3. Characterization of phenols biodegradation by compound specific stable isotope analysis

    NASA Astrophysics Data System (ADS)

    Wei, Xi; Gilevska, Tetyana; Wenzig, Felix; Hans, Richnow; Vogt, Carsten

    2015-04-01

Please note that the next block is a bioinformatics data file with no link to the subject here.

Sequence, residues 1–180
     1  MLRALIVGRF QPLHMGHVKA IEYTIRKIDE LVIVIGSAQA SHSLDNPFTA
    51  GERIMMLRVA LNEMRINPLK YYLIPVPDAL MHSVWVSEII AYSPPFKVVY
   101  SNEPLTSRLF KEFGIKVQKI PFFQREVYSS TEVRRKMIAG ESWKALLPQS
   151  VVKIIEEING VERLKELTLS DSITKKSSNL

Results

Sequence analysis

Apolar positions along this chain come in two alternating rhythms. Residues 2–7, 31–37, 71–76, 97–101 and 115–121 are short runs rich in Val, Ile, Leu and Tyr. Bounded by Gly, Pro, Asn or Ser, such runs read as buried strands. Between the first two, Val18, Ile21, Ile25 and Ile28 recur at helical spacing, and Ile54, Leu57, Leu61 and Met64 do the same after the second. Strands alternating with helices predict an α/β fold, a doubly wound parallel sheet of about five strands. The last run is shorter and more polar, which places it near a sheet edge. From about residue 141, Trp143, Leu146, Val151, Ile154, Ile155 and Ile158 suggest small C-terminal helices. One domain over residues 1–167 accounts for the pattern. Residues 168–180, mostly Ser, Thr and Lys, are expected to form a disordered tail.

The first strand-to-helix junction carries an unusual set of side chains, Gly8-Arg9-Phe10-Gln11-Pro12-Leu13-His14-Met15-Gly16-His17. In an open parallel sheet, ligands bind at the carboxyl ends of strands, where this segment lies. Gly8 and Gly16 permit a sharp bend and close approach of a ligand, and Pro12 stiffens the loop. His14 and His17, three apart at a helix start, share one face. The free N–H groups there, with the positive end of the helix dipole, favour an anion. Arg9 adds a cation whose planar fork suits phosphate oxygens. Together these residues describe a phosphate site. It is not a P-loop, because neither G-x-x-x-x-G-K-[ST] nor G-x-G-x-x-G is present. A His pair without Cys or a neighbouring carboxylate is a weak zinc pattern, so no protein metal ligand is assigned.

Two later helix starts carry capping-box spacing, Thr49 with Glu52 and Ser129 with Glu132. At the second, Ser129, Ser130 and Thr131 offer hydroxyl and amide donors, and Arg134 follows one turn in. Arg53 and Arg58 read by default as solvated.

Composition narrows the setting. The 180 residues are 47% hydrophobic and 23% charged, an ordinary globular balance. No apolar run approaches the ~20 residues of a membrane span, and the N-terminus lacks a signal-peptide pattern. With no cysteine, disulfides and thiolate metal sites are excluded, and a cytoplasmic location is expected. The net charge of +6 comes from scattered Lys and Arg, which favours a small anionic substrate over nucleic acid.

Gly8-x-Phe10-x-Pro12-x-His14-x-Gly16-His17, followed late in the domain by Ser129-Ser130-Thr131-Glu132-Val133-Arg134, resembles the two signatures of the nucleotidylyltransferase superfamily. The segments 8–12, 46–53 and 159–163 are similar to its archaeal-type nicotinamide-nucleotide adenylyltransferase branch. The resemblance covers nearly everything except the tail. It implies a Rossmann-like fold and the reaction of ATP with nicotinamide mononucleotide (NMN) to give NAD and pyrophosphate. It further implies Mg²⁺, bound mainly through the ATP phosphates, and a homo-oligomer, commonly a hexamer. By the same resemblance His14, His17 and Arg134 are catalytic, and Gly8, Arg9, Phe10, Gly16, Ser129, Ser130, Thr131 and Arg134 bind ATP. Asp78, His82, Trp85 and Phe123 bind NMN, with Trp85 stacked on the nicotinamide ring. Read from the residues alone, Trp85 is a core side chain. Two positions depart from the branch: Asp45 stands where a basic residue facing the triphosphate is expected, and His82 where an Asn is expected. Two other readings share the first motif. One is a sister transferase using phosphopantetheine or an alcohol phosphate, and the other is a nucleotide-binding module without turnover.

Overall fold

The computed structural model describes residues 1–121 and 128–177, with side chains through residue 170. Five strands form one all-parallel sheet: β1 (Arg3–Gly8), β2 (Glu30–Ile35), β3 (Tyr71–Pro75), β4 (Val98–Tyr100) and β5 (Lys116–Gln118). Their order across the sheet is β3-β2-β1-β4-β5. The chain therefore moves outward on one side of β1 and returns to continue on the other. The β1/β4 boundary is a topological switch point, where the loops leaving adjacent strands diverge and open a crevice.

Biodegradation of phenol and alkylphenols has been described under both oxic and anoxic conditions. In the absence of molecular oxygen, the degradation of phenolic compounds is initiated by microorganisms through carboxylation, fumarate addition to the methyl moiety or anoxic hydroxylation of the methyl moiety. Comparatively, under aerobic condition, the initiation mechanisms are revealed to be monoxygenation or dihydroxylation for phenol and ring hydroxylation or methyl group oxidation for cresols. While several studies biochemically characterized the enzymes and reaction mechanisms in the relevant degradation pathways, isotope fractionation patterns were rarely reported possibly due to constraints in current analytical methods. In this study, the carbon isotope fractionation patterns upon the degradation of phenol and cresols by several strains were analyzed by using isotope ratio mass spectrometry connected with liquid chromatography (LC-IRMS). The corresponding enrichment factors for carbon (ƐC) have been obtained. Cresols degradation by various strains showed generally moderate carbon isotope fractionation patterns with notable differences. For p-cresol degradation, five strains were examined. The aerobic strain Acinetobacter calcoaceticus NCIMB8250 exploits ring hydroxylation by molecular oxygen as initial reaction, and a ƐC value of -1.4±0.2‰ was obtained. Pseudomonas pseudoalcaligenes NCIMB 9867, an aerobic strain initiating cresols degradation via oxygen-dependent side chain hydroxylation, yielded a ƐC value of -2.3±0.2‰. Under nitrate-reducing conditions, Geobacter metallireducens DSM 7210 and Azoarcus buckelii DSM 14744 attacks p-cresol at the side chain by monohydroxylation using water as oxygen source; the two strains produced ƐC values of -3.6±0.4‰ and -2±0.1‰, accordingly. The sulfate-reducing Desulfosarcina cetonica DSM 7267 activating cresols by fumarate addition to the methyl moiety yielded ƐC values of -1.9±0.2‰ for p-cresol degradation and 2.2±0.3‰ for m-cresol degradation, respectively. The carbon isotope fractionation patterns of phenol degradation differed more profoundly. Oxygen-dependent monooxygenation of phenol by A.calcoaceticus as the initial reaction yielded ƐC values of -1.5±0.02‰. In contrast, the anaerobic degradation initiated by ATP-dependent carboxylation performed by Thauera aromatia DSM 6984, produced no detectable fractionation (ƐC 0±0.1‰). D. cetonica showed a slight inverse carbon isotope fractionation (ƐC 0.4±0.1‰). In conclusion, a validated method for compound specific stable isotope analysis was developed for phenolic compounds, and the first data set of carbon enrichment factors upon the biodegradation of phenol and cresols with different activation mechanisms has been obtained in the present study. Carbon isotope fractionation analysis is a potentially powerful tool to monitor phenolic compounds degradation in the environment.